The popular motorcycle routes of Summerland Way and the Gwydir Highway in northern NSW are closed due to bushfires.
An 11km stretch of Summerland Way between Leeville and Whiporie and a 5km section of the Gwydir Highway from east of Jackadgery to Eatonsville are closed for back burning and tree clearing.
The highway is also closed between Ramornie Station and Tindal roads.
Riders should consider alternate routes.
Emergency work being carried out includes specialists examining trees along and nearby the road to assess and manage the risk of them falling, inspecting road infrastructure such as bridges, culverts and safety barriers, as well as clearing debris from the road.
For the latest traffic updates download the Live Traffic NSW App, visit livetraffic.com or call 132 701.
Meanwhile, there are also bushfire cautions about riding through areas of south east Queensland.
Riders are also in danger from smoke inhalation and low visibility and eye irritation from smoke.
But rural fire services also say several fires have been sparked by motorcycles.
They say about 40% of all bushfires are accidentally started by humans dropping cigarette butts, campfires, discarding bottles, sparks from machinery and motorcycles.
Most riders who accidentally spark these blazes are off-road and adventure bikes riding in the bush and on forestry tracks.
However, there is also the possibility of fires being started by road bikes if the rider pulls over to the side of the road where they may be long, dry grass.
The bike’s engine, exhaust, or catalytic convertor can be hot enough to set grass alight.
Tips to avoid dehydration in a heatwave:
Don’t drink too much alcohol the night before a ride. It has a diuretic effect which means it causes you to urinate more water than you take in which means you are losing fluid. And you can’t counteract that by drinking lots of water because most of it will go out in your urine. Obviously, don’t drink alcohol while you are riding!
Start drinking water as soon as you wake and keep sipping water right up until you get on your bike. It takes about half an hour for water to reach your muscles. Guzzling water just before a ride is not good as it can make your stomach to cramp. The Royal Flying Doctor Service which has attended dehydrated riders in the Outback, recommends carrying 10 litres of water per day! Read their Outback riding tips here.
Wear ventilated motorcycle clothing. Leathers may protect you better in a crash, but they create a “microclimate” which impairs your ability to lose heat. As a result you will produce more sweat to decrease your core temp. Instead, wear a flow-through jacket. There are heaps of options on the market. Make sure they have vents in the back so the air flows through. Also, loosen the sleeves so you get plenty of air on your wrists which have a lot of blood vessels close to the skin to effectively cool you down. However, be aware that a flow-through jacket cools you down because it is drying the sweat off your skin which can lead to dehydration. A set of Ventz up your sleeve will also keep you cool as air flows up your arms.However, don’t be fooled by your level of coolness as ventilation can also cause you to loose more water through evaporation. So you still need to keep drinking plenty of water.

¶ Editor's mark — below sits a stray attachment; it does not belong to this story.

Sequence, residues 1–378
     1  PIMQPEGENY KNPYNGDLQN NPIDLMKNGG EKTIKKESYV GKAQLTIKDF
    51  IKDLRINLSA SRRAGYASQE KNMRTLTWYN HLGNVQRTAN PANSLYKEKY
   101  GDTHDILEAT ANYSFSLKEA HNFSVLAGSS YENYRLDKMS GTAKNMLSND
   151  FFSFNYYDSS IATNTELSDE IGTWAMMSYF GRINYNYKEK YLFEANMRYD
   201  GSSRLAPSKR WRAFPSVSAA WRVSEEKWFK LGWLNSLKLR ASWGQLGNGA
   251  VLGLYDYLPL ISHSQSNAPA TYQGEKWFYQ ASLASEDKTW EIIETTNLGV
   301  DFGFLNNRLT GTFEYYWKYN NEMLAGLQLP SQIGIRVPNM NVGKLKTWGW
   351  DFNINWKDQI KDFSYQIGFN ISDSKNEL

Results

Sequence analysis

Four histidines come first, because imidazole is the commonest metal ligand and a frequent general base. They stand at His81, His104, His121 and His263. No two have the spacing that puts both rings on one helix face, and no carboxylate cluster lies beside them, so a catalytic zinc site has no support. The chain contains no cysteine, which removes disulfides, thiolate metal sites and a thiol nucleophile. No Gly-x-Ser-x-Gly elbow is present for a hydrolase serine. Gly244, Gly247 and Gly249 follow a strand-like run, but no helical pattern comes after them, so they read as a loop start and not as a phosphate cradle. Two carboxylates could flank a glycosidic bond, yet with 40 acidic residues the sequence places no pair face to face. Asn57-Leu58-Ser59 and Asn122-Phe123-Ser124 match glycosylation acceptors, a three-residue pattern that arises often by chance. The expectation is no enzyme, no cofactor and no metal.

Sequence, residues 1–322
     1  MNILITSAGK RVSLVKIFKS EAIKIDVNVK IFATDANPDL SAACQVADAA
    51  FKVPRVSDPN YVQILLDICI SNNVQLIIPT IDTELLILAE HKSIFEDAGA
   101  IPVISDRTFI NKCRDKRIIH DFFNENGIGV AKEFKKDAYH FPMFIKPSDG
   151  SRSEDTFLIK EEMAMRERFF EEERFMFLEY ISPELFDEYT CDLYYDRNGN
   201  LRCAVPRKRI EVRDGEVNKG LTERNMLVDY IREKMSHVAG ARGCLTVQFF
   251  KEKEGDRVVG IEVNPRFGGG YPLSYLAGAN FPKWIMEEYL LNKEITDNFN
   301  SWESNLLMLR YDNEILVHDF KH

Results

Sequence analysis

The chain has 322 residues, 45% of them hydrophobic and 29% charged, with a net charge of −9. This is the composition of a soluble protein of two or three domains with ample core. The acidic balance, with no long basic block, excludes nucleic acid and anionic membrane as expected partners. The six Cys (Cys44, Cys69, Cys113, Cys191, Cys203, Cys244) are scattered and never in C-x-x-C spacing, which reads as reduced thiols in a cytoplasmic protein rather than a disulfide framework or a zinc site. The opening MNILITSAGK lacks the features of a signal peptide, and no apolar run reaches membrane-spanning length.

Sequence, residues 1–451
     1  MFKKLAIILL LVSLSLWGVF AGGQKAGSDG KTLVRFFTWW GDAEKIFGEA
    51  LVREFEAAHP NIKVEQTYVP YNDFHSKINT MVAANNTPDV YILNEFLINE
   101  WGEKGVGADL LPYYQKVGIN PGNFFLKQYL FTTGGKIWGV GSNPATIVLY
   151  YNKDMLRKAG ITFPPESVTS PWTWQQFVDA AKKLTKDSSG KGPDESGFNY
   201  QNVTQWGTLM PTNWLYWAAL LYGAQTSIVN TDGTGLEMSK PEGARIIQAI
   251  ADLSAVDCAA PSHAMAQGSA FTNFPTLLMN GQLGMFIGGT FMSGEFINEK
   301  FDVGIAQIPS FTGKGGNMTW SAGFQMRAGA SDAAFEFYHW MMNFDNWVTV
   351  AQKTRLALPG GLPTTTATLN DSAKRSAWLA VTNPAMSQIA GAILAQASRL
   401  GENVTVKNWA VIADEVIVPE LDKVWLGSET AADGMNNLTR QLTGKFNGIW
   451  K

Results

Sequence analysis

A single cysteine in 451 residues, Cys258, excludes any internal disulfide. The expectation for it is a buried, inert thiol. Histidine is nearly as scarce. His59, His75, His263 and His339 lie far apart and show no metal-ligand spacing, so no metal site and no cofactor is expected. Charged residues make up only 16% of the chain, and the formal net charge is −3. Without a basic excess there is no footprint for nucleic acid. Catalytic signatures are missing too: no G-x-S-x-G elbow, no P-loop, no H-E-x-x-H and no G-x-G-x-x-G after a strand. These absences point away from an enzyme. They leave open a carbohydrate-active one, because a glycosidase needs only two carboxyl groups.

Don’t be tempted to remove your jacket in the heat! Exposed skin may feel cooler, but that’s because the sweat is evaporating quicker, but that is just making you more dehydrated. And while your skin feels cool, you’ll be tricked into staying in the sun longer which leads to sunburn. That also leads to dehydration because your body needs water to repair and renew damaged skin.
Get a Camelbak or other brand of water-dispensing unit so you can continue to take small sips of water while you are riding. I’ve seen riders on GoldWings and other big tourers with cup holders so they can take slurps from a water bottle. That’s obviously not as safe as the hands-free Camelback option, but anything is better than nothing. Some people don’t like Camelbaks because the water gets hot, but the temperature of the water doesn’t affect dehydration.
Stop more often than usual and hang out in the shade or in an air-conditioned cafe. Since you are drinking lots of fluids, you will probably need to stop anyway!
While you’re stopped, have a coffee, but take it easy. No need to swear off your favourite caramel latte, but avoid excess coffee. That also goes for caffeinated drinks such as Red Bull. High levels of caffeine have a diuretic effect just like alcohol.
While having a coffee break, avoid having too many sweet cakes, donuts and muffins. Sugar can dehydrate you if it gets to very high levels in your blood. This can happen if you are a diabetic, take certain medications or have an infection or some organ diseases. Sugar causes your kidneys to produce more urine to eliminate the sugar, leading to dehydration. Likewise, don’t drink too many sugary drinks. Best to stick to plain water, real fruit juices with no added sugar or drinks such as Gatorade that replace salts and minerals lost in sweat.
We’ve talked a lot about urine and it’s important that you monitor the colour. It should be a straw colour. If it’s too dark, you are dehydrated.
Sweat also depletes your body of sodium and if it becomes too low, it can cause many of the same symptoms as dehydration. The average diet probably has enough sodium, but it’s good to have a little bit of salt on your meals or drink sports drinks that have a sodium supplement. However, beware of sports drinks with caffeine and sugar.
Ok, I know I said there were only 10 tips, but dehydration doesn’t just occur in a heatwave. In winter, the cold can shut off the body’s thirst mechanism and trick you into thinking you’re not sweating. Meanwhile, your body is losing fluids as the air passes over your body.